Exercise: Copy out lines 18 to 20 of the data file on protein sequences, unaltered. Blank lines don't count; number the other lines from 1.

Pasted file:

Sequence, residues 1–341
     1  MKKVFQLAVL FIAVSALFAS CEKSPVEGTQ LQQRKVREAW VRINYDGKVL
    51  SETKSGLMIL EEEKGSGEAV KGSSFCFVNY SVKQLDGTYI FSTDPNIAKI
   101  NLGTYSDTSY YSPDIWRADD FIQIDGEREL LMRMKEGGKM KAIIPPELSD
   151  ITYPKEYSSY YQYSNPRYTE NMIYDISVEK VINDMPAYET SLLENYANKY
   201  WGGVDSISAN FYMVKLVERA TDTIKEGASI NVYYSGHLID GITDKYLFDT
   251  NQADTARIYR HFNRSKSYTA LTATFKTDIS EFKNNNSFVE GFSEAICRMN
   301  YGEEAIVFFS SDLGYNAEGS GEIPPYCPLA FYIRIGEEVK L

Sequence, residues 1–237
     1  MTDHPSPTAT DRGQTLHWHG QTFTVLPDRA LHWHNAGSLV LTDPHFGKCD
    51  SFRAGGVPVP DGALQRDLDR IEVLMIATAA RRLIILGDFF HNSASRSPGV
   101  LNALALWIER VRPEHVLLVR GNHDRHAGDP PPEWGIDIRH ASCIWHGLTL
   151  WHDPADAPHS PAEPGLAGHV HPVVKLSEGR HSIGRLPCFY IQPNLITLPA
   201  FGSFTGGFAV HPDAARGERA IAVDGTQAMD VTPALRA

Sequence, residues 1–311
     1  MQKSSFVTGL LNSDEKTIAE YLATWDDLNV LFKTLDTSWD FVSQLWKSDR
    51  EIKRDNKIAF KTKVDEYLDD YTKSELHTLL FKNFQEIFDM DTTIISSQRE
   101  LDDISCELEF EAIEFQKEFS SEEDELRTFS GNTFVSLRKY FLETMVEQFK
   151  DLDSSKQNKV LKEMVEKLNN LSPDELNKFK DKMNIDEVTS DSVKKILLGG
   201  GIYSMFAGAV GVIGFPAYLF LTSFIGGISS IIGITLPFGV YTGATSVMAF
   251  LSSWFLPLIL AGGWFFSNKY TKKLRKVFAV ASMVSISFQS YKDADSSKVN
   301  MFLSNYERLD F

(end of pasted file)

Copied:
   101  LDDISCELEF EAIEFQKEFS SEEDELRTFS GNTFVSLRKY FLETMVEQFK
   151  DLDSSKQNKV LKEMVEKLNN LSPDELNKFK DKMNIDEVTS DSVKKILLGG
   201  GIYSMFAGAV GVIGFPAYLF LTSFIGGISS IIGITLPFGV YTGATSVMAF